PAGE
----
What's more important to manage a game, or manage a team?

  1. You have chosen to ignore posts from attic-dan. Show attic-dan's posts

    What's more important to manage a game, or manage a team?

       I ask this question, because while Titos' in game decisions and his line-ups are a source of almost daily frustrations. Tito can  be loyal and stubborn to a fault. 
       The team though, for the most part, plays hard on a nightly basis, responds well to adversity, I believe that 'stuff' stays in the clubhouse, and the players respect Francona, with Lackey being the exception, but then he gave Scioscia the same attitude.
       I've been watching the Sox for years, and that Francona might not have succeded back in the day, he is perfect fit for the ball-player of today

     
  2. You have chosen to ignore posts from ZILLAGOD. Show ZILLAGOD's posts

    Re: What's more important to manage a game, or manage a team?

    I'm not sure if Lackey has a "lack of respect."

    I think he just doesn't like to be pulled from games.

    This is a trait that is much misunderstood.

    Personally, I like a starting pitcher that gets mad when the manager brings out the hook.  It shows that he has competitive fire, if you recall Schilling and Pedro didn't like being pulled either.

    Francona is a good manager for modern day baseball. Part father, part babysitter, part psychologist. Great communication with the media. Dick Williams probably would have been a disaster in today's MLB. I doubt many modern players would put up with him.
     
  3. You have chosen to ignore posts from BOSOX1941. Show BOSOX1941's posts

    Re: What's more important to manage a game, or manage a team?

    In Response to What's more important to manage a game, or manage a team?:
    [QUOTE]   I ask this question, because while Titos' in game decisions and his line-ups are a source of almost daily frustrations. Tito can  be loyal and stubborn to a fault.     The team though, for the most part, plays hard on a nightly basis, responds well to adversity, I believe that 'stuff' stays in the clubhouse, and the players respect Francona, with Lackey being the exception, but then he gave Scioscia the same attitude.    I've been watching the Sox for years, and that Francona might not have succeded back in the day, he is perfect fit for the ball-player of today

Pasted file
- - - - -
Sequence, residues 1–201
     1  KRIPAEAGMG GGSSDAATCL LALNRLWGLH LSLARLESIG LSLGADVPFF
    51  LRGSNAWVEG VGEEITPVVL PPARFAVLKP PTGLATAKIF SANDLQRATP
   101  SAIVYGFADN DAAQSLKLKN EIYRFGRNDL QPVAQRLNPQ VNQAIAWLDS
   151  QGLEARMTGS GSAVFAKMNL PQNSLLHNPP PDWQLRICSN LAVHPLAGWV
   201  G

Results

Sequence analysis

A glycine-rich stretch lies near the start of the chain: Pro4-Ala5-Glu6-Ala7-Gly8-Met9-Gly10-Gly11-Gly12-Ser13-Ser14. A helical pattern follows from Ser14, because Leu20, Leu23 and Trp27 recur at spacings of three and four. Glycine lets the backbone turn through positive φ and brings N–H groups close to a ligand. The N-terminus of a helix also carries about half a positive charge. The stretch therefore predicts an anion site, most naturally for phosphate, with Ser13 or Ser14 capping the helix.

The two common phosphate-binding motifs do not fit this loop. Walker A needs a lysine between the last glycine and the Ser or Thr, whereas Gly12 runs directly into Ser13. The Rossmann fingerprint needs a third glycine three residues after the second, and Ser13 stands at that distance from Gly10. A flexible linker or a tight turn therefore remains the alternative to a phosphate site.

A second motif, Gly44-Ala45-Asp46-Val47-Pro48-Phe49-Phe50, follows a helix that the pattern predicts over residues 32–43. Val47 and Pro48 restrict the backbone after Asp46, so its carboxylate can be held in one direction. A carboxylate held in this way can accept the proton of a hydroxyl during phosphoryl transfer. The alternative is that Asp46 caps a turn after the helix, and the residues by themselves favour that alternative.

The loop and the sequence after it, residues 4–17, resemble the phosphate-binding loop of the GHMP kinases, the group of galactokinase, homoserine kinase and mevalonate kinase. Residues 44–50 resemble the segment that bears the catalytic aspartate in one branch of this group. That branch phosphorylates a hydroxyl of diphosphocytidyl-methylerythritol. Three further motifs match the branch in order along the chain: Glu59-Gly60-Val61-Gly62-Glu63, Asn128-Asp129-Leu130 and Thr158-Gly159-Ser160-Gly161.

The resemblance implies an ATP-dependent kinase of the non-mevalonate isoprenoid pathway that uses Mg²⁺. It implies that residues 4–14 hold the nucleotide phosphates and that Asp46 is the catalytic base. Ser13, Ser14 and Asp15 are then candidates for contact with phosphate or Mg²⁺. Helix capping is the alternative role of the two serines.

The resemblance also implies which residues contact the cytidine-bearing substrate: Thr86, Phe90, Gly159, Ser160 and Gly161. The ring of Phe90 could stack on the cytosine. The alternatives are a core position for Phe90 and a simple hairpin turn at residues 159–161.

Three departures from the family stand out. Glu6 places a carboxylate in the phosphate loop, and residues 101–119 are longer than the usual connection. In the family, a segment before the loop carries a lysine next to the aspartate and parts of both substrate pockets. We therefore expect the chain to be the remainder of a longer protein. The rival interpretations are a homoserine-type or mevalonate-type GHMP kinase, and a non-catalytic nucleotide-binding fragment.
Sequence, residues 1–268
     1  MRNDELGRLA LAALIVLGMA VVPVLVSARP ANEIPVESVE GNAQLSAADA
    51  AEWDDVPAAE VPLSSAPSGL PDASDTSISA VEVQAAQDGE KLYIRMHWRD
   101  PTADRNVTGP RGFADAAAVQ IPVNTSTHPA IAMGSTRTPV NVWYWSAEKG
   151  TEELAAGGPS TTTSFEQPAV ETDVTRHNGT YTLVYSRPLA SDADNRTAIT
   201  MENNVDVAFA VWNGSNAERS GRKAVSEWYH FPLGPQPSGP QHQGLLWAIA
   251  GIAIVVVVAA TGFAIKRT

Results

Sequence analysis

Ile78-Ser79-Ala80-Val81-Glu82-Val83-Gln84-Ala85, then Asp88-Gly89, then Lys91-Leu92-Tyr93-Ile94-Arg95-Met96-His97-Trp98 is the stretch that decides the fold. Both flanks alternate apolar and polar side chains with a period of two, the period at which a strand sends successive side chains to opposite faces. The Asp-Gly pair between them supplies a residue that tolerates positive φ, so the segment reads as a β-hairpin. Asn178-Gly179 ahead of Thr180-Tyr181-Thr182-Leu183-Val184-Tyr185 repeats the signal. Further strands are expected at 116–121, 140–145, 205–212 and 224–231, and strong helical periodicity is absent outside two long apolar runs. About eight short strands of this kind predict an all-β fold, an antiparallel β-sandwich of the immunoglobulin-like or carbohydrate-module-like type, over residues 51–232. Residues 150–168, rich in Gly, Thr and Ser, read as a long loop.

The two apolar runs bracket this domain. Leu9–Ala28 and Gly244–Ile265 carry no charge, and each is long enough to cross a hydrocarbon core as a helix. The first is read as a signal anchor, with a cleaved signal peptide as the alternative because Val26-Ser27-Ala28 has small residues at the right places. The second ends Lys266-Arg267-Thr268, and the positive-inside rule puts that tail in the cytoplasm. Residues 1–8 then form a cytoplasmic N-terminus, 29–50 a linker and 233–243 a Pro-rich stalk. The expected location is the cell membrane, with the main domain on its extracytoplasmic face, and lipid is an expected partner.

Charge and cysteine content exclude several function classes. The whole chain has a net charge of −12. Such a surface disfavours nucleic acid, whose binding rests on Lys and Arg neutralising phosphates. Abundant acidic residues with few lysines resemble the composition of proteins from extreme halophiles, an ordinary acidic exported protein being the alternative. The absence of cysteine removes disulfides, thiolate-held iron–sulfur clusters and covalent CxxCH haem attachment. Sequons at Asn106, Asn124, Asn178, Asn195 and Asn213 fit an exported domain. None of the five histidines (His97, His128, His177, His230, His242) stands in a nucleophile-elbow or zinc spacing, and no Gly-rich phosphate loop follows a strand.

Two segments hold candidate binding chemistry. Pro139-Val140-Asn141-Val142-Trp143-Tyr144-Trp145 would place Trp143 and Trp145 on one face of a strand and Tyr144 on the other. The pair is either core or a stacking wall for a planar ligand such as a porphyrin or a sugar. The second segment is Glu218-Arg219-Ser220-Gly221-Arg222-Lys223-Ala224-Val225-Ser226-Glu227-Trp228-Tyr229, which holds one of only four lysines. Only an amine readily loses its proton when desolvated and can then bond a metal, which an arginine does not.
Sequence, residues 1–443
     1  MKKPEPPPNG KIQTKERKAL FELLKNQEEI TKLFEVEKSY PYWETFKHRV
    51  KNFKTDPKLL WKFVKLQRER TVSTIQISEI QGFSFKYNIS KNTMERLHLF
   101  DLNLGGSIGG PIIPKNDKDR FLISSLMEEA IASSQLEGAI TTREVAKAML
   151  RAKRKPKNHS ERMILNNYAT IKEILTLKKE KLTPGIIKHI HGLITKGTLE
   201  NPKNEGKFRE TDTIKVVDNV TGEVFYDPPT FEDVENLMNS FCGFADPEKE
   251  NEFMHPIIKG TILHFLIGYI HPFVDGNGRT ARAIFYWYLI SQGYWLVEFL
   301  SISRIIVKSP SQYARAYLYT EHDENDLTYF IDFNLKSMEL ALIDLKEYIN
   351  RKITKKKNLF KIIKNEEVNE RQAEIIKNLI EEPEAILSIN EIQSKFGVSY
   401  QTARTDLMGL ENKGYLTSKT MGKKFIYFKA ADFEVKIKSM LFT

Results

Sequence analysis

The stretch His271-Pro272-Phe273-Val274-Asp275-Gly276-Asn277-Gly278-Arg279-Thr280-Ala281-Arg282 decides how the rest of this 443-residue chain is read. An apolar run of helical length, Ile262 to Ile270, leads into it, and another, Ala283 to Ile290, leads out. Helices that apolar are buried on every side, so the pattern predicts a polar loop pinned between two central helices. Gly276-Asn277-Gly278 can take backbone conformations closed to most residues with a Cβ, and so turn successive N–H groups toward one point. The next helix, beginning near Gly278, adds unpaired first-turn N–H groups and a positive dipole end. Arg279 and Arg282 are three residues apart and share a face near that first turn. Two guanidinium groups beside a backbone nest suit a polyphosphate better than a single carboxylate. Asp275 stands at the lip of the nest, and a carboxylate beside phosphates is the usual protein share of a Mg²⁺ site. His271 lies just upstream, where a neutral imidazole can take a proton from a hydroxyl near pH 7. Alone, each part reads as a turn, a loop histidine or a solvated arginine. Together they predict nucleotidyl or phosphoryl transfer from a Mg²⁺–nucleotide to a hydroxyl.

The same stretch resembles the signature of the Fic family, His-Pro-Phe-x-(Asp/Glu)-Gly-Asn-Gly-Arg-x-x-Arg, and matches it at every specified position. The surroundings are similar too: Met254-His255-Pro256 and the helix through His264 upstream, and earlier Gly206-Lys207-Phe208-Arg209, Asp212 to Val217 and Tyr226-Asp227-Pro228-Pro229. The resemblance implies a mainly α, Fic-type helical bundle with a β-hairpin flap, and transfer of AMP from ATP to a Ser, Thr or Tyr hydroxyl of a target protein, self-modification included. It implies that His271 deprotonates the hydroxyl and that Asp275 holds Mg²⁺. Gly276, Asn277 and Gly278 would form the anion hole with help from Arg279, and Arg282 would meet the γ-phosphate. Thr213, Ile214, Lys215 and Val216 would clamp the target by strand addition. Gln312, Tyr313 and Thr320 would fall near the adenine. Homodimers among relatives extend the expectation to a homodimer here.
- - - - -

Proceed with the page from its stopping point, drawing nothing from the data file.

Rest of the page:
Posted by attic-dan[/QUOTE]
    The way I look at it is, he's the field manager, it's his job to lead the team to win games.  The makeup of the team and the behind the scenes problems should not affect his ability to manage games. It's said that he does a great job handling any clubhouse turmoil and keeps the atmosphere at an even level. If these responsibilities are affecting his in-game decisions, then Theo needs to handle those problems. The problem is that Francona is probably a good clubhouse manager, but even if he didn't have to handle the occasional clubhouse problems, he's is not a capable field manager.
     
  4. You have chosen to ignore posts from newenglanderinexile. Show newenglanderinexile's posts

    Re: What's more important to manage a game, or manage a team?

    I don't know if Lackey should be included in the same discussion with Schilling and Pedro.  With their track records, they had a right to be upset if they were taken out; with his, Lackey does not.